Songs from The tender Land by Aaron Copland
Aaron Copland would probably be a shoo-in as America’s greatest 20th-century classical composer. Born in Brooklyn in late 1900 to Russian-Lithuanian immigrants, he learned piano from an older sister, and learned hard work in his parents’ department store, downstairs from their apartment. He was composing before he became a teenager, and in his 20’s studied in France, most especially with Nadia Boulanger-the first American student of this teacher who shaped much of 20th century music. Back in the US, he managed to attract the attention of Serge Koussevitzky, and later Leonard Bernstein. While he was initially much taken with the avant-garde, his 1930’s work gravitated toward a simpler model, making use of much existing music for such works as Appalachian Spring, Billy the Kid, and Rodeo. His contributions in that period also included an opera, The Second Hurricane, intended for high school production. It was one of only two operatic works in his eight-decade career; the other, The Tender Land, was intended for television, in honor of the thirtieth anniversary of the League of Composers (and was commissioned in 1952 by Richard Rodgers and Oscar Hammerstein for that purpose). The libretto was written by “Horace Everett” (Erik Johns), based on James Agee’s “Let Us Now Praise Famous Men”, and tells the story of a farm family –a single mother, her father, and two children. Laurie, the opera’s central character, is about to graduate from high school, and her direction is altered when two itinerant men are hired to help with the farm work.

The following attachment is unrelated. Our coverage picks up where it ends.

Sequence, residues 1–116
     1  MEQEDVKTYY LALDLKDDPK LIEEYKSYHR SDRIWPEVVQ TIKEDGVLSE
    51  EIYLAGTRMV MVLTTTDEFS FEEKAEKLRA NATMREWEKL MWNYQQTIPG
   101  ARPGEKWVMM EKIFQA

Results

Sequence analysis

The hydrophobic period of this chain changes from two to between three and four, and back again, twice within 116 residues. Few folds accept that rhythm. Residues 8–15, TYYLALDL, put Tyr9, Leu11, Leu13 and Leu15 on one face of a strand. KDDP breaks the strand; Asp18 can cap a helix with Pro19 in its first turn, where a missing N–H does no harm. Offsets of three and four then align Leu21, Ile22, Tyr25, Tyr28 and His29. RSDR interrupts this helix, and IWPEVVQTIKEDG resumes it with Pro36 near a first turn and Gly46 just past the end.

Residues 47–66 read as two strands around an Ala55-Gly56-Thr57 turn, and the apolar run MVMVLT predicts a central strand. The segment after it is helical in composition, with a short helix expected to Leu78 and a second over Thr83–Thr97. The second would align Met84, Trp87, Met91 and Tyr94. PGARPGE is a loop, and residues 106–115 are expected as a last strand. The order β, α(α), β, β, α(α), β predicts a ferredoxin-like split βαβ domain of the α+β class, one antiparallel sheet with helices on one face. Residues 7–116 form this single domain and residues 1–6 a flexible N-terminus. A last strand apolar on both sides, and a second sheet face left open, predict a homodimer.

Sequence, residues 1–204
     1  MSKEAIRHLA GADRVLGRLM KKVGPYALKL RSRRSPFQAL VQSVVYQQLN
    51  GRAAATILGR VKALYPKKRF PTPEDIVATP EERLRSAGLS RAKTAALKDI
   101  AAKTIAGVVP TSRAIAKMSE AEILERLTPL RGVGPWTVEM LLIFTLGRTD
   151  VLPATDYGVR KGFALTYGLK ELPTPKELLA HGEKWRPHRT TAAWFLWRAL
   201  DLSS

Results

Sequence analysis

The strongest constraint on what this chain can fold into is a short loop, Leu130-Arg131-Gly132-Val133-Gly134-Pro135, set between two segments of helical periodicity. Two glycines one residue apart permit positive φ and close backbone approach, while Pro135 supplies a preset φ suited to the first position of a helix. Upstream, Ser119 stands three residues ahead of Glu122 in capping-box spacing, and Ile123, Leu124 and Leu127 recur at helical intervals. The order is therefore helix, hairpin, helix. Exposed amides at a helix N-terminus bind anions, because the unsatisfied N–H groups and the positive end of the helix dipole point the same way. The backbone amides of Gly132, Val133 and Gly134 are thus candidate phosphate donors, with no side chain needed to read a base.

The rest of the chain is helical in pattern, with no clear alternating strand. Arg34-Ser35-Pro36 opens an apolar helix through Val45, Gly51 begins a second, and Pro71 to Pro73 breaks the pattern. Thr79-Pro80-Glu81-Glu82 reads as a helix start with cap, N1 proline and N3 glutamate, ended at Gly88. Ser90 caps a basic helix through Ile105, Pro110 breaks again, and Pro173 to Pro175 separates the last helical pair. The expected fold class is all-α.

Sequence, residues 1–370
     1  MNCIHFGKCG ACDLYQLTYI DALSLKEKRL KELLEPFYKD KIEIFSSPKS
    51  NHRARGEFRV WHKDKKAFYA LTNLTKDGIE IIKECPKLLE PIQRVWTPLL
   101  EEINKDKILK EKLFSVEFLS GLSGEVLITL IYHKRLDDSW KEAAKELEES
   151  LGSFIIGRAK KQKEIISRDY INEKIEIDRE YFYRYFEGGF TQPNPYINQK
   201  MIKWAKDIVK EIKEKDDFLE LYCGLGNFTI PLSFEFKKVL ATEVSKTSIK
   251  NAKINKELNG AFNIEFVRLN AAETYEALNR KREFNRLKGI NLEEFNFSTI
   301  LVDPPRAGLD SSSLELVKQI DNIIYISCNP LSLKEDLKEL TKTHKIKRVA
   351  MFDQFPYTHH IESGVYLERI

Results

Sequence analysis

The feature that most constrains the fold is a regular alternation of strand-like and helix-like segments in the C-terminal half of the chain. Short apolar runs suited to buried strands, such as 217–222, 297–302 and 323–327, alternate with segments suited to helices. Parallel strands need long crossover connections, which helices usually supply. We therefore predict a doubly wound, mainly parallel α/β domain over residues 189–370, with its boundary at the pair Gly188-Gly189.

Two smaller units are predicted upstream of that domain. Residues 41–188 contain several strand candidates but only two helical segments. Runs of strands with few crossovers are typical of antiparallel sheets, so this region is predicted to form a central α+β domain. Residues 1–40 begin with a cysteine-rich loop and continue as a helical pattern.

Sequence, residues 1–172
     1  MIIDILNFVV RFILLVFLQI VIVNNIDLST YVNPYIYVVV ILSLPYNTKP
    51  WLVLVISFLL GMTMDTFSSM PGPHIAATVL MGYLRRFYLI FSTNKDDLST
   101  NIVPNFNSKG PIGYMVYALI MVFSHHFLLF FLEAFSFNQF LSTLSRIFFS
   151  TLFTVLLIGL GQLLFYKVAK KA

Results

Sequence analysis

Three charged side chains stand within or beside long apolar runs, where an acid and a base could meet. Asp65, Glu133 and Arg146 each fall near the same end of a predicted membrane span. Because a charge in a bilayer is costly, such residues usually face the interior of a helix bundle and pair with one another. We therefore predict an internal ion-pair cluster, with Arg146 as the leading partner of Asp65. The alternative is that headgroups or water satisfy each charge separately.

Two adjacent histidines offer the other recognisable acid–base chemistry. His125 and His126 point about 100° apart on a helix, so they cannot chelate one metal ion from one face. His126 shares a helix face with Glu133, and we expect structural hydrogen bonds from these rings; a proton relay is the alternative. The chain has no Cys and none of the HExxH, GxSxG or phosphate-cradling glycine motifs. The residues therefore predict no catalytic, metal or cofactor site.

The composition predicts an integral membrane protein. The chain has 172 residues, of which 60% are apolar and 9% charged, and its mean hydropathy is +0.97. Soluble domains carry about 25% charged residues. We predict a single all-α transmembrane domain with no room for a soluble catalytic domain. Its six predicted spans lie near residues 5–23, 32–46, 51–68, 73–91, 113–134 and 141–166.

Unfortunately, NBC turned down the proferred opera, and it was instead produced first by the New York City Opera, on April 1, 1954; revised slightly, it was presented again at Tanglewood on August 2 of that year, and, with much additional revision-which made it a full three-act opera, from the two with which it was first seen-on May 20, 1955, at Oberlin College. It has seen only rare performances since, but Copland constructed an orchestral suite from its music in 1958, which has had much more exposure. Three numbers exist outside the suite, but are often performed along with it: One is “Laurie’s Song”, a soprano aria; the others are the two choral numbers presented here: “Stomp Your Foot!” which is subtitled “Choral Square Dance”, and “The Promise of Living”, described as a “Thanksgiving song”.
J. R. Fancher, Mar. 2005